LeBron James announcement on ESPN tonight reveals how much newsmakers now control journalism
(UPDATE: Now that James has revealed he's going to Miami, bamboozling ESPN into devoting a day of overheated coverage to a decision many experts predicted for the championship-hungry star, we see how dangerous it is to let news subjects dictate terms of journalists' work)
The first thing to recognize about LeBron James’ singular announcement tonight, is that this is about so much more than where the Cleveland Cavaliers’ superstar will play his next season of professional basketball.
That’s hard to believe, given the amount of chatter across the globe that the sports world has lavished on this moment, when basketball’s most talented player will reveal which team gets to enjoy his singular contributions for the future. With major markets such as New York and Miami among the rumored favorites, there’s little surprise that the media universe is dissecting this decision with an intensity usually reserved for Lindsay Lohan DUI arrests and gaffes by GOP chairman Michael Steele.
The frenzy resulted in The Decision, an hourlong special airing on ESPN at 9 tonight that was pitched to the sports channel by James’ own management team. But the deal —- which included allowing the athlete to pick who will interview him and the show’s sponsors — heralds the next step in a growing problem for modern journalism.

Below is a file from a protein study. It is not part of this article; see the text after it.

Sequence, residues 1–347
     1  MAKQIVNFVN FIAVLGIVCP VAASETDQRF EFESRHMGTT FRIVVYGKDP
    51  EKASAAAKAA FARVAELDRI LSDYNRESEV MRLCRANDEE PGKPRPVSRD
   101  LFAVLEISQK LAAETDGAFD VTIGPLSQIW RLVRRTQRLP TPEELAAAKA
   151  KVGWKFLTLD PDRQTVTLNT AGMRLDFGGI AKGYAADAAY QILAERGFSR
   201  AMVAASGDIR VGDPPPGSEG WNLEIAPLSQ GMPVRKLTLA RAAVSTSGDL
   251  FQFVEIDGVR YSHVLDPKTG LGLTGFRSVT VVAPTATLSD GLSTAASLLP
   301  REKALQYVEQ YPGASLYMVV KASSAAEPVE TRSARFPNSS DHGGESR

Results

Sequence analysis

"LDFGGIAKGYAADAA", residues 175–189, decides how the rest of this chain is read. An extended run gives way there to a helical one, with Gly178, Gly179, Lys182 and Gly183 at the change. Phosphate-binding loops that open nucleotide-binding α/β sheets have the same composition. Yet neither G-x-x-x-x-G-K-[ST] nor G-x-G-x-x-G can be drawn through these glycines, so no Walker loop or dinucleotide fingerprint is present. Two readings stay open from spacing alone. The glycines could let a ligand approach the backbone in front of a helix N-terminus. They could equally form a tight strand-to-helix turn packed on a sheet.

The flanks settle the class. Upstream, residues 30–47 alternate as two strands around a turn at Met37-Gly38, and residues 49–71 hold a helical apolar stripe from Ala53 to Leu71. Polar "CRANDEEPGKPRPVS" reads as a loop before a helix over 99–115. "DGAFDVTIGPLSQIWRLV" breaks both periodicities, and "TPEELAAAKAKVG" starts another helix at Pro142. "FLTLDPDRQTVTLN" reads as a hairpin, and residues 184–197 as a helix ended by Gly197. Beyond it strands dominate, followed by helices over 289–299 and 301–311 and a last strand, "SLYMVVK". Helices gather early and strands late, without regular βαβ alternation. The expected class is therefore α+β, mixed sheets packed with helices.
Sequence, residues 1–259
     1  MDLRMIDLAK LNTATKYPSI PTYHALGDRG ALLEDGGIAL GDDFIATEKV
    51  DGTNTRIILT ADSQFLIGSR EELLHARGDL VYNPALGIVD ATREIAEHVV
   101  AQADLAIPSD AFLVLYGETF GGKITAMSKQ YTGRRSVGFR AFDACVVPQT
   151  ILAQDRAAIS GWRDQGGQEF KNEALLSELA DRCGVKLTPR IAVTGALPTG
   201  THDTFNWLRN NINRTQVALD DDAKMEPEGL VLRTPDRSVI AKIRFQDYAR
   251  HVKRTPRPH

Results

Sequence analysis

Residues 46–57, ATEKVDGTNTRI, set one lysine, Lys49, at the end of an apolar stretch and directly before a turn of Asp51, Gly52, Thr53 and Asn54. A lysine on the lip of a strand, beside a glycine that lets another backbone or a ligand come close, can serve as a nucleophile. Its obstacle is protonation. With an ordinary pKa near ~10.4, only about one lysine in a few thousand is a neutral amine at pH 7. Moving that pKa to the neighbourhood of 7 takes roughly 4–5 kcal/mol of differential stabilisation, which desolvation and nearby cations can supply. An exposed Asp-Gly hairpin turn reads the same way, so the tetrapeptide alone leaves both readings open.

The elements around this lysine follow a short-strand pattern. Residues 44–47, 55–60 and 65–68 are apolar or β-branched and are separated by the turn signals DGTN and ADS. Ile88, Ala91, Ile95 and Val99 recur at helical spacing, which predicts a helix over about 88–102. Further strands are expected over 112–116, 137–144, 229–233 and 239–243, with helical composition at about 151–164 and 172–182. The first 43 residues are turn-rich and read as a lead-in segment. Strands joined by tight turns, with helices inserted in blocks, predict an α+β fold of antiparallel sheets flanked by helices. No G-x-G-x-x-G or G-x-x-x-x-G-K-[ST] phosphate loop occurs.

These days, newsmakers exert more control than ever over coverage of their stories. And what James’ moment tonight reveals, is just how much control an outlet supposedly devoted to sports journalism will cede to the star of a news event, just to get exclusive rights to the first moment that news hits the world.
“Right now, you’re seeing it at the top of the sports world, but you’re going to see it trickle down to all levels,” said Kendall Almerico, a Tampa-based sports agent who represents players from the NFL and Major League Baseball. “If ESPN is willing to devote an hour in prime time to an athlete on his terms, any athlete would take that. Any entertainer would take that...And the media will play along, as long as they can make money, too.”
(The question now is whether James' announcement, expected in the first 12 minutes of the hourlong show, will be diminished by a flurry of news reports saying he's headed to the Miami Heat.)
Almerico’s math is simple: In a world where superstar athletes maintain their own relationships with fans and the world through Twitter pages, websites and other social media, a star like James can release a major announcement in his own terms, anyway. Indeed, in the early days of golf star Tiger Woods’ infidelity scandal, his only statements came from carefully worded releases posted to his website.
So ESPN has an incentive to play along with James’ demands, even though advertising revenue from The Decision will go to a charity handpicked by James, the Boys and Girls Club of America. The sports channel still gets a piece of the notoriety, TV viewership and online traffic that will follow the announcement, which is preceded by a expanded three-hour SportsCenter (James will also give his only broadcast TV interview to ABC’s Good Morning America Friday).